|Born: February 8, 1975|
|May 26, 1998, for the Chicago White Sox|
|Last MLB appearance|
|May 21, 2003, for the Tampa Bay Devil Rays|
|Earned run average||5.42|
James Vo Parque (born February 8, 1976) is an American former professional baseball pitcher. Parque played for the Chicago White Sox and Tampa Bay Devil Rays of the Major League Baseball (MLB) from 1998 to 2003.
Jim Parque grew up poor in Southern California. His father made less than US$20,000 per year and his mother, a Vietnamese immigrant, worked at a textiles factory in Chinatown, Los Angeles. On this income, Parque's parents struggled to provide for Parque and his brother. Parque himself had to work in a sweatshop in Los Angeles as a young boy.
Parque attended Crescenta Valley High School where he was mentored by former All-Star pitcher Jerry Reuss. As a senior, Parque compiled a 12–3 record and was voted the Pacific League Player of the Year and MVP. He also broke the school's strikeout record. Parque began his high school baseball career at 5'1" tall and roughly 110 pounds; the school was unable to find a jersey small enough to fit him. By the time he graduated, he still stood at only 5'5" and weighed 132 pounds. Although he was recruited by such college baseball teams as the USC Trojans, UCLA Bruins and Miami Hurricanes, professional scouts showed little interest in him because of his size. Parque was not selected until the 50th round of the 1994 Major League Baseball draft by the Los Angeles Dodgers.
From 1994 to 1997, Parque attended UCLA and led the Bruins to the College World Series in 1997. Parque earned second-team Smith Super Team honors in his sophomore season in 1996. In his junior year, Parque was voted first-team All-American by Baseball America, first-team All-Pac-10 Conference, second-team by the Sporting News, second-team by the American Baseball Coaches Association, and third-team by Collegiate Baseball. Parque is one of the most decorated pitchers in UCLA Baseball history. He currently ranks second in career games started with 50, second in career total innings pitched with 3342⁄3 innings, second in career strikeouts with 319, third in career pitching wins with 25, and seventh in career complete games with 10. In terms of single season pitching records for the Bruins, Parque ranks third in wins with 13 in 1997, ninth for games started with 19 in 1997, ninth for innings pitched with 1252⁄3 in 1996, fourth in strikeouts with 119 in 1997, and fifth in strikeouts with 116 in 1996.
Chicago White Sox
In the 1997 supplemental draft, he was drafted by the Chicago White Sox in the 1st round. Parque made his major league debut the following year, pitching in 21 starts for the White Sox. He had an ERA of 5.10 with a 7-5 record in 113 innings.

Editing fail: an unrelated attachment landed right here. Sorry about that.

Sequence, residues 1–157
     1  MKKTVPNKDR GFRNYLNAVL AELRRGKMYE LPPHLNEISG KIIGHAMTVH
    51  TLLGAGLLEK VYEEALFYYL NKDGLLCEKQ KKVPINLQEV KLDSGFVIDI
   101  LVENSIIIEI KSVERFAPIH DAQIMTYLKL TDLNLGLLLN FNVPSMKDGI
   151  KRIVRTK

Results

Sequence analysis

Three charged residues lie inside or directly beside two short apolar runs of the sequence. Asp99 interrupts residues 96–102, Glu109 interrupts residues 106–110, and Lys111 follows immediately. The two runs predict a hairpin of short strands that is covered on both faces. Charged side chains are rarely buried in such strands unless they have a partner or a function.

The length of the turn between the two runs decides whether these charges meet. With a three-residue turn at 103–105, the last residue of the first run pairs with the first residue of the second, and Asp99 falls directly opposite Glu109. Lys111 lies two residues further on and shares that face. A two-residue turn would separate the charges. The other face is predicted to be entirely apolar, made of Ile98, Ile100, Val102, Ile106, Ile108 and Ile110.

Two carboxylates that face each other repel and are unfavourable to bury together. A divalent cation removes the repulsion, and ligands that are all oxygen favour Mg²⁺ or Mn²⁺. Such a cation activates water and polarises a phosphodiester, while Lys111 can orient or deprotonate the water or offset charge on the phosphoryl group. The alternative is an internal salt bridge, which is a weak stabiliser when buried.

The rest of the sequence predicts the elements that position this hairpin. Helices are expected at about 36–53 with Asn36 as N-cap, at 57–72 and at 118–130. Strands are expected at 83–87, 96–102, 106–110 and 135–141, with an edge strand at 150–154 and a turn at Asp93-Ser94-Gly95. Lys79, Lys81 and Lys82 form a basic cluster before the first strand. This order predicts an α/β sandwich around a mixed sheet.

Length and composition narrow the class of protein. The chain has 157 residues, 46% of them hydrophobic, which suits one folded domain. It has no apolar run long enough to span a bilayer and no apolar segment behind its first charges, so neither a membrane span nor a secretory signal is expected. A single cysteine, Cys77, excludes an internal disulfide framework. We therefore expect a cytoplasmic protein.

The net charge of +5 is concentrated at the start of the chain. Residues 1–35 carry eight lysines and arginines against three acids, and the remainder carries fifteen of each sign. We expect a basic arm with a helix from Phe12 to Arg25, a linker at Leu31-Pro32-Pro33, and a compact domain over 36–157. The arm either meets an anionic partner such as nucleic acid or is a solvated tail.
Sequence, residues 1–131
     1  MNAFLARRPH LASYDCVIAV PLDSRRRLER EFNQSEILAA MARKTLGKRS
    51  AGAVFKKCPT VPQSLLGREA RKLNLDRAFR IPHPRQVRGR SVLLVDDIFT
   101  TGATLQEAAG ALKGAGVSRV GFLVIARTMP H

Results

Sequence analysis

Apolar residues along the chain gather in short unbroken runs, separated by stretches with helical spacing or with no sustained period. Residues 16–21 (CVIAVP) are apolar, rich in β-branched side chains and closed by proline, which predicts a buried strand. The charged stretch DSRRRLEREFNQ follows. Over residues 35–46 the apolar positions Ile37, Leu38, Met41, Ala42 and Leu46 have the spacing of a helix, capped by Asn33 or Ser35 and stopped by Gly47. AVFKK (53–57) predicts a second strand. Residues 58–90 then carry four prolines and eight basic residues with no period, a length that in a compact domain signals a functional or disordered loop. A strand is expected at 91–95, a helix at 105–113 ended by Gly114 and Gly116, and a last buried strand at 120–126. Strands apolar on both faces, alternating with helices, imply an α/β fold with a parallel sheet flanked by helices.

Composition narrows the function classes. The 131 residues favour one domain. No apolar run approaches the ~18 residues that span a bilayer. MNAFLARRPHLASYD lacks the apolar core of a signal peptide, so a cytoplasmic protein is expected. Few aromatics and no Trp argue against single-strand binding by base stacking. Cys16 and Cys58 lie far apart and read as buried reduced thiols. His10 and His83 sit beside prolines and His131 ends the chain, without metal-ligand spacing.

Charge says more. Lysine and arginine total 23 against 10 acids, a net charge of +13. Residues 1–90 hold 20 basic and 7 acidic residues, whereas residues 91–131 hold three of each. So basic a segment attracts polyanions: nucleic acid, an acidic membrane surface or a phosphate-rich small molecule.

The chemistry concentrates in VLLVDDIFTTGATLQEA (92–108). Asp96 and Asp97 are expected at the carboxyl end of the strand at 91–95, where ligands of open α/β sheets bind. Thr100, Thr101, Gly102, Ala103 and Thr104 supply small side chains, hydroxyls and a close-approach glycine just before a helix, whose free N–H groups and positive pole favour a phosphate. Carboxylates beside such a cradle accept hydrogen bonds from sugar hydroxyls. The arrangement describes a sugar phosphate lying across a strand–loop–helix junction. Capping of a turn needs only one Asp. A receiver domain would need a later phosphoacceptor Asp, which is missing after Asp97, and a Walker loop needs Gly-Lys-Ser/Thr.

In 1999, Parque finished the season with a 9-15 record in 30 starts.
He enjoyed his best season in 2000, going 13–6 with a 4.28 ERA in 33 games (32 starts). The 2001 season saw Parque pitch in 5 starts only after suffering a shoulder injury, which sidelined him for the rest of the season.
Parque began the 2002 season in the minors building up arm strength after his 2001 shoulder surgery.
Parque was not the same after shoulder surgery, his 2002 season saw him pitch to an ERA of 9.95 in 8 games (4 starts) while walking 16 batters in just 25 innings. Parque was let go after the 2002 season.
After numerous shoulder injuries between 2001 and 2002.
Tampa Bay Devil Rays
In January, 2004, Parque signed a minor league deal with the Diamondbacks.
Return to baseball
After being out of baseball for three years, Parque announced his willingness to return to the game of baseball. He started his return by instructing lessons for the Cook County Cheetas in Oak Lawn. The Chicago Tribune reported that he threw his fastball in the range of 90 mph. On February 2, 2007, he signed a minor league contract with the Seattle Mariners. He was released by Seattle on May 31, 2007. He has since been linked to steroids in December 2007, though he denied the account in the Seattle Times. In a July 23, 2009 article in the Chicago Sun-Times, Parque admitted using human growth hormone while rehabbing from a shoulder injury in 2003. At the time, HGH had not yet been banned by MLB.
- Parque, Jim (July 23, 2009). "Former Sox pitcher Jim Parque confesses: Why I juiced". Chicago Sun-Times. Archived from the original on 25 August 2009. Retrieved 19 July 2015.
- Parque, Jim (November 5, 2013). "Can the Real Jim Parque Please Stand Up". Big League Edge. Archived from the original on 21 July 2015. Retrieved 19 July 2015.
- Attanasio, Ed. "They Were There: Jim Parque". This Great Game. Retrieved 19 July 2015.
- Crescenta Valley High School. "Crescenta Valley High School Class of 1994" Archived May 25, 2009, at the Wayback Machine
- Gutierrez, Ruben (April 24, 1995). "He's small in stature, large on fastball". Daily Bruin. Retrieved 19 July 2015.
- UCLA Official Athletic Site--Baseball. "1997 Year in Review: UCLA Reaches Omaha" Archived April 5, 2012, at the Wayback Machine
- UCLA Official Athletic Site--Baseball. "UCLA Baseball All-Americans" Archived 2013-02-05 at Archive.today
- UCLA Official Athletic Site--Baseball. "UCLA's Career Records" Archived 2011-08-12 at the Wayback Machine
- UCLA Official Athletic Site--Baseball. "UCLA's All-Time MLB Draft Selections (PDF)" Archived 2011-07-25 at the Wayback Machine
- "Parque begins season in minors". 2002-04-04. Retrieved 6 February 2017.
- "Parque signs minor league contract". 2003-01-21. Retrieved 6 February 2017.
- "FANTASY News, Photos, Videos, Stats, Standings, Odds and More - USA TODAY". Retrieved 6 February 2017.
- "Parque signs contract with Diamondbacks". 2004-01-24. Retrieved 6 February 2017.
- Baker, Geoff. "Former Mariners minor-leaguer denies using steroids", The Seattle Times, Tuesday, December 18, 2007